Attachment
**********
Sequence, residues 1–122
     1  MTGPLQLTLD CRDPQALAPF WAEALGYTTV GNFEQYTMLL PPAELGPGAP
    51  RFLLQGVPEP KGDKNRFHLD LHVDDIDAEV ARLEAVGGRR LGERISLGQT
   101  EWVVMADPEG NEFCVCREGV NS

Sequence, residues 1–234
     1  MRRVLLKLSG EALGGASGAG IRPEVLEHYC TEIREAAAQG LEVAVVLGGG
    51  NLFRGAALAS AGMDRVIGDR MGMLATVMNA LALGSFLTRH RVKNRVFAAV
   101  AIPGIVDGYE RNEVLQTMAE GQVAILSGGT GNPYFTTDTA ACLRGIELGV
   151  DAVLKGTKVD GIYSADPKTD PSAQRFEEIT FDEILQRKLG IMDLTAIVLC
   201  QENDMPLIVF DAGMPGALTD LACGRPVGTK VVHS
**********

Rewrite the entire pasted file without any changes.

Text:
Sequence, residues 1–122
     1  MTGPLQLTLD CRDPQALAPF WAEALGYTTV GNFEQYTMLL PPAELGPGAP
    51  RFLLQGVPEP KGDKNRFHLD LHVDDIDAEV ARLEAVGGRR LGERISLGQT
   101  EWVVMADPEG NEFCVCREGV NS

Sequence, residues 1–234
     1  MRRVLLKLSG EALGGASGAG IRPEVLEHYC TEIREAAAQG LEVAVVLGGG
    51  NLFRGAALAS AGMDRVIGDR MGMLATVMNA LALGSFLTRH RVKNRVFAAV
   101  AIPGIVDGYE RNEVLQTMAE GQVAILSGGT GNPYFTTDTA ACLRGIELGV
   151  DAVLKGTKVD GIYSADPKTD PSAQRFEEIT FDEILQRKLG IMDLTAIVLC
   201  QENDMPLIVF DAGMPGALTD LACGRPVGTK VVHS